Lawyer: Former president of North Carolina NAACP found dead

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GREENSBORO, N.C. (AP) — The Rev. T. Anthony Spearman, a civil rights advocate and former president of the North Carolina branch of the NAACP who also served as president of the N.C. Council of Churches, has been found dead, his attorney said Wednesday.

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Spearman, 71, died on Tuesday, said Mark Cummings, a Greensboro attorney who said he was representing Spearman. He declined to provide additional details about the death and did not say what he was representing him for.

“In the mold of Dr. King, he truly was a drum major for justice,” Cummings said. “He saw the good in everybody in every situation, even those of his detractors, even those who would criticize him. He always found a way to see the best in them.”

Spearman’s family issued a statement calling him “a man of strong conviction who loved his family with every ounce of his being.” A family member didn’t respond on Wednesday to a request for additional comment.

Bishop William J. Barber, who preceded Spearman as the North Carolina NAACP president and who is now president of the national, not-for-profit organization Repairers of the Breach, said in a statement, “I have lost a true brother in the struggle.”

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“We have lost a scholar, a preacher, a voting rights defender, an advocate for prison reform and for the wrongfully accused and a stalwart soldier in the cause of love and justice for all humankind,” Barber said. “This great man’s efforts and commitment should be cherished.”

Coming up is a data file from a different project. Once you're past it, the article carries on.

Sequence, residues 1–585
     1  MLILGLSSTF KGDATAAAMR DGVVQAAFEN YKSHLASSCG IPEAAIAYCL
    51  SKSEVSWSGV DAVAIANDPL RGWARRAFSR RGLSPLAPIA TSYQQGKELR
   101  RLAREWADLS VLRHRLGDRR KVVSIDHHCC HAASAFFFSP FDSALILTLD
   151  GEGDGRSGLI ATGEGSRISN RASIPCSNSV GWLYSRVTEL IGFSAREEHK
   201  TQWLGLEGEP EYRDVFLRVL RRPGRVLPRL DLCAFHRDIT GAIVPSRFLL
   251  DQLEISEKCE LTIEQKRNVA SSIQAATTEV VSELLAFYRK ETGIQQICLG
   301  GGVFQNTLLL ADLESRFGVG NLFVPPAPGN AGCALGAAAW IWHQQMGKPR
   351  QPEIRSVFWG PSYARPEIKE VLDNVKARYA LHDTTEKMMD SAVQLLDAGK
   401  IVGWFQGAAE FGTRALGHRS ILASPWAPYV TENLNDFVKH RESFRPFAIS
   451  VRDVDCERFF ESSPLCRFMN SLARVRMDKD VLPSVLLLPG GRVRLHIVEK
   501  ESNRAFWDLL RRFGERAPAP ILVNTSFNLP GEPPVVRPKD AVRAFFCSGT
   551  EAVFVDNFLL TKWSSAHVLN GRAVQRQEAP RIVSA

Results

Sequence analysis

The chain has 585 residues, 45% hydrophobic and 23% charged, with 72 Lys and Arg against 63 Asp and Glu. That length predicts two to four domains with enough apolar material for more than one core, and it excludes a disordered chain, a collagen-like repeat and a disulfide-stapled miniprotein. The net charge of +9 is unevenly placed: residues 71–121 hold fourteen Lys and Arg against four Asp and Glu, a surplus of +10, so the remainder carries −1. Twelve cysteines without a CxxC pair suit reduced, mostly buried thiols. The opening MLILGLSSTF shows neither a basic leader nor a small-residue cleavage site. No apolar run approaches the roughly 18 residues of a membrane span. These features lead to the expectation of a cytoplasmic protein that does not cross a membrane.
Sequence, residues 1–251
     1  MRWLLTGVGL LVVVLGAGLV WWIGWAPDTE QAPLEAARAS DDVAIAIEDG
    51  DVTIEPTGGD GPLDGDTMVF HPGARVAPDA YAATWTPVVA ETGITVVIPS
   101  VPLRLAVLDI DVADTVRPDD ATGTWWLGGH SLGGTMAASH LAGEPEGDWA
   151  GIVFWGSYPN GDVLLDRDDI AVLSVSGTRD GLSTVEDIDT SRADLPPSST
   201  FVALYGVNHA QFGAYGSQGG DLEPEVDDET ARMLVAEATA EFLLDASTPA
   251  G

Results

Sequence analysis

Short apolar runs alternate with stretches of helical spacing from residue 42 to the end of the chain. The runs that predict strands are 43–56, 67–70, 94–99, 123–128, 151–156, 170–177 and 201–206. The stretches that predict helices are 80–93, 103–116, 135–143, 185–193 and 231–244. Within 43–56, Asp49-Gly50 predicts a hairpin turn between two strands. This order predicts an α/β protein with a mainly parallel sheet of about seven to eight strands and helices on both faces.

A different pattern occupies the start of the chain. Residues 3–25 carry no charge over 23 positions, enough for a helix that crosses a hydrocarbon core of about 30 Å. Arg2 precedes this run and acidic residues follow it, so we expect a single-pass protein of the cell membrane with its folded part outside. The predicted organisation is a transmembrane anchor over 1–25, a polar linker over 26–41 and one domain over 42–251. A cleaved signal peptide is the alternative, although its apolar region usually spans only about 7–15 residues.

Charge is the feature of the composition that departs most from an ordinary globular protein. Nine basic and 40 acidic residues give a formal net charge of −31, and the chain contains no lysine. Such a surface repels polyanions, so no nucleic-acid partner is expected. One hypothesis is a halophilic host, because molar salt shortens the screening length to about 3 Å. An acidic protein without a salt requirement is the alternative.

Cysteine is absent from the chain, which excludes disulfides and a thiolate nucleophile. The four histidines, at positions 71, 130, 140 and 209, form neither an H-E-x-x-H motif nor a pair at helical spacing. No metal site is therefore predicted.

Spearman was suspended from the NAACP by the organization’s national leadership about five months ago, The News & Observer reported.

According to The Urban News, Spearman filed a 28-page lawsuit in June against national NAACP President and CEO Derrick Johnson and chairman Leon W. Russell. The lawsuit also named state NAACP President Deborah Dicks Maxwell, Charlotte-Mecklenburg Chapter President Corrine Mack, and four other officers, the news outlet said.

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According to the story, the lawsuit accused the officials of defamation and a civil conspiracy to have him removed as the state NAACP president. Spearman alleged in the lawsuit that his support of a woman who said she was sexually harassed by a member of the state conference led to the effort to have him ousted and made him a target of retribution, the story said.

The Rev. Curtis Gatewood, who was identified in the story as the person accused of the sexual harassment, neither confirmed nor denied the allegations in a Facebook post on Tuesday.

“I have no other comments regarding the specifics of the matter at the time and believe enough has been said, documented, and presented for God to allow even a blind man to ‘see’ if seeing is truly desired,” he wrote.

Gatewood said in his Facebook post that while he and Spearman disagreed on issues involving the state NAACP, “I loved the brother.”

“I wanted the news of his demise to be untrue,” Gatewood wrote. “I forgave him.”



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